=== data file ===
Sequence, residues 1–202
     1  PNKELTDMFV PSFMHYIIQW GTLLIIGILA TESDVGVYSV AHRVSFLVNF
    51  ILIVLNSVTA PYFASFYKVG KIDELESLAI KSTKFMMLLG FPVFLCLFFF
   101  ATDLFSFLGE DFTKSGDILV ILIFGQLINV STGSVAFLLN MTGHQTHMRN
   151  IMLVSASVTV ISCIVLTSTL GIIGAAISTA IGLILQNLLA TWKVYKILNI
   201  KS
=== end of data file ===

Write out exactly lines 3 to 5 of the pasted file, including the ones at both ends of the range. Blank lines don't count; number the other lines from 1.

    51  ILIVLNSVTA PYFASFYKVG KIDELESLAI KSTKFMMLLG FPVFLCLFFF
   101  ATDLFSFLGE DFTKSGDILV ILIFGQLINV STGSVAFLLN MTGHQTHMRN
   151  IMLVSASVTV ISCIVLTSTL GIIGAAISTA IGLILQNLLA TWKVYKILNI